Tomorrow belongs to China”, and “Chinese is the language of the future.” These are statements we hear from people returning after business visits to China. Be ready for tomorrow; don’t get left behind. Heeding these recommendations, I decided to go in for lessons in Chinese.
My first shock came when I heard that Chinese is a tonal language. The same word spoken in different tones can have different meanings. The classic example is the common word “ma”, which has four meanings when uttered with a high tone, a rising tone, a falling-rising tone and a falling tone. The pitfalls are many. I intend to say, “Your mother is a wonderful lady,” and end up saying “Your horse is a wonderful lady.”
In course of time, however, I found that my fears were misplaced. In continuous speech, the tone variations get merged in the flow of speech. When uttering single words, the tones become prominent.
Also Read V.R. Narayanaswami’s earlier columns
The several names given to the country and to the language were confusing. In English literature, the country was known as Cathay, a name that survives in Cathay-Pacific. The Chinese name for the country is Zhongguo (sounds like Chung Kuo), and means “middle kingdom”. The name of the language then is Zhongwen, which refers to writing in particular. Another widely used name is Hanyu, the language of the Han people of China. In Taiwan it is called Guoyu, national language. In Singapore and South Asian countries it is Huayu, language of the Chinese. In the mainland, Left-leaning intellectuals wanted to put people at the centre, and preferred the name Putonghua, the speech of the common people. In 1956 the government adopted the term to describe standard Mandarin.
When we learn a new language, we start with the alphabet. Chinese is not an alphabet-based language; you cannot ask someone to spell the word pingguo (apple) in Chinese. Learner’s dictionaries for foreign learners transliterate Chinese words in the Romanized script known as “pinyin” and arrange the words alphabetically. After a short struggle with Chinese characters, I decided to stick to pinyin.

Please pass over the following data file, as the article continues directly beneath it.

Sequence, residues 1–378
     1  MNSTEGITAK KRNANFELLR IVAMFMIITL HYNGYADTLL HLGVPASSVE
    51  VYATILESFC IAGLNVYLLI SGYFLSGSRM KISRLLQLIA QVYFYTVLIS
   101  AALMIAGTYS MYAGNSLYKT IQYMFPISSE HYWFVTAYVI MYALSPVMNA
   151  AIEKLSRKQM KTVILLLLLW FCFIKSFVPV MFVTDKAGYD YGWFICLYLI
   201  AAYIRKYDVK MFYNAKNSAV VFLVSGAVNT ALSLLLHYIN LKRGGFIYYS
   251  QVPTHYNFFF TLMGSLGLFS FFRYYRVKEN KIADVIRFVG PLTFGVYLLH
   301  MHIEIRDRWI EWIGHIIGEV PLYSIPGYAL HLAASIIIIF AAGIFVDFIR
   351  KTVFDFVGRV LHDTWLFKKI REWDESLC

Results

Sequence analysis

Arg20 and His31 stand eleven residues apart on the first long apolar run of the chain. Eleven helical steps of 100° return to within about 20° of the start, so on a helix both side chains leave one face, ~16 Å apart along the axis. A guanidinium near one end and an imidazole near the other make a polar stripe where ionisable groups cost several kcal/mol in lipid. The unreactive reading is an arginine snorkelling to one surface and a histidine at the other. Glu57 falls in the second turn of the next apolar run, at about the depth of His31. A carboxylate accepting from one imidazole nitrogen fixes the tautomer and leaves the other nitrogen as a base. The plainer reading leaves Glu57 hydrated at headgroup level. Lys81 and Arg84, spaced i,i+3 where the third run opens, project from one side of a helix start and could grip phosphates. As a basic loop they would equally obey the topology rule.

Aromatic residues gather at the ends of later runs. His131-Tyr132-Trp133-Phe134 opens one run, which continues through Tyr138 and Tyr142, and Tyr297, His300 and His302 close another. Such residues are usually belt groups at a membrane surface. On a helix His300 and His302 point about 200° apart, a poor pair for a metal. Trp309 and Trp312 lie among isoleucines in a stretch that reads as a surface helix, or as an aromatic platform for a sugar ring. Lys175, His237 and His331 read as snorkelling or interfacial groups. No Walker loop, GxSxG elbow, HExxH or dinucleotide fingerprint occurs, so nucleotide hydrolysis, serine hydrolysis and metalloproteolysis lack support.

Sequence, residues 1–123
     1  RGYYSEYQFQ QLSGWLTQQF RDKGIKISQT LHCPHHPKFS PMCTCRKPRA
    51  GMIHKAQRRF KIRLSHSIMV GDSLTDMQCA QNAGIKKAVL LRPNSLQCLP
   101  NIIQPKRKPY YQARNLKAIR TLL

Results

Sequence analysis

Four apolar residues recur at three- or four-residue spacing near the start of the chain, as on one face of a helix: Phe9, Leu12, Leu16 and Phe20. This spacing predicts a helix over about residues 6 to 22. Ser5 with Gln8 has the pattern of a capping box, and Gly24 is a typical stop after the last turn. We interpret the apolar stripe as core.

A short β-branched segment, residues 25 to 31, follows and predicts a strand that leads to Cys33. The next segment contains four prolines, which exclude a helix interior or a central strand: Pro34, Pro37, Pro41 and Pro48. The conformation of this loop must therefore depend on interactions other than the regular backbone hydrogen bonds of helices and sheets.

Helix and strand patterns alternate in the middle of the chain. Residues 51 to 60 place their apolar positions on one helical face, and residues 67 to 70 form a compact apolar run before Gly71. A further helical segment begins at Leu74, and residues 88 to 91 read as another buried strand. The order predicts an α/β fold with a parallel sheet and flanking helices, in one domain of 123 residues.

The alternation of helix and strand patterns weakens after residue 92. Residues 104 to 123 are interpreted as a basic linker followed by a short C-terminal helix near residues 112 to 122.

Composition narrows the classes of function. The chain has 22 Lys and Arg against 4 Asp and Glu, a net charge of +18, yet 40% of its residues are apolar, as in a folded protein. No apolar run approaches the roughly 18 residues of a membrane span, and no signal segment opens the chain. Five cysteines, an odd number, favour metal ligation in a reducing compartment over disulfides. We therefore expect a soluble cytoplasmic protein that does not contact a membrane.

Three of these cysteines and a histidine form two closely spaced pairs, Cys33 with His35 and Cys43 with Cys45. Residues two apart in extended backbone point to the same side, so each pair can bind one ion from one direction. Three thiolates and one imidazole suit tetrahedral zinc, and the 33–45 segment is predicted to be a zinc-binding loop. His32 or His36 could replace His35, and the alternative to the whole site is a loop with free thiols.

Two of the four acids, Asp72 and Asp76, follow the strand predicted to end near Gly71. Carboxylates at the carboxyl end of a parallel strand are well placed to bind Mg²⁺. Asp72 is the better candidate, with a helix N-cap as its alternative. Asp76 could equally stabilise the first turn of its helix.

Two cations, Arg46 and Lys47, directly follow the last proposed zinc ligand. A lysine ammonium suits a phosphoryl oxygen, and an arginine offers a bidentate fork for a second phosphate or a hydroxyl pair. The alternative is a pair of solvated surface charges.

A unique feature of Chinese is the use of what is called measure words. They are words placed between numerals and nouns. In English we say “one book”, and in Chinese we place a measure word between numeral and noun. The most common measure word is “ge”: We have “san ge pingguo” (three apples); “yi ge didi” (one younger brother). The measure word is often dependent on the quantity or shape of the referent. For example, we use “zhi” for stick-like things, as in “yi zhi bi”, a pen. For a long narrow shape, we use “tiao”, as in “yi tiao he”, a river. Measure words do not contribute to the meaning of the expression, but learners have to spend some time learning their use.
When we begin learning Chinese, we expect it to have a grammatical structure like that of English, with tense, number, case, gender and other categories. But Chinese grammar is much simpler. The verb has only one form for present, past and future. A single form, for example, “lai” which means “come”, can be used for simple or continuous, past, present or future, and singular or plural. Word order is also different. “I jog every day” becomes “wo meitian dou paobu” (I every day jog). “Youju li zher luan bu luan?” (Post office from here distant not distant): “Is the post office far from here?”
As in other languages, English words are increasingly being used in Chinese speech. “Nan-peng-you” and “nu-peng-you” are now considered old-fashioned and young Chinese prefer to say BF and GF for boyfriend and girlfriend. Coca-Cola is “ke kou ke le”; beer is “pijiu”, “pi” as a semi-transliteration of “beer” and “jiu” for alcoholic drink.
Names of the days of the week and names of the months in European languages are associated with the history and legend of Greece and Rome. In Chinese they are labelled with numerals: Monday to Saturday are weekday-one, weekday-two, weekday-three and so on. Similarly, there are numerals with the common noun for month, “yue”. The names are month-one, month-two up to month-twelve. Note that October means the eighth month by etymology; but in Chinese it is called month-ten, or “shi yue”.
The final stage in learning Chinese is getting to know the cultural nuances of language in context. How do you address a married woman and a single woman? Can a foreigner be addressed as “tongzhi” or comrade? The normal way of opening a telephone conversation is to say “Wei”; but the same expression is considered rude in any other context. Besides learning grammatical structures, we have to learn to use the language in a socially acceptable way.
V.R. Narayanaswami, a former professor of English, has written several books and articles on the usage of the language. He looks at the peculiarities of business and popular English usage in his fortnightly column.
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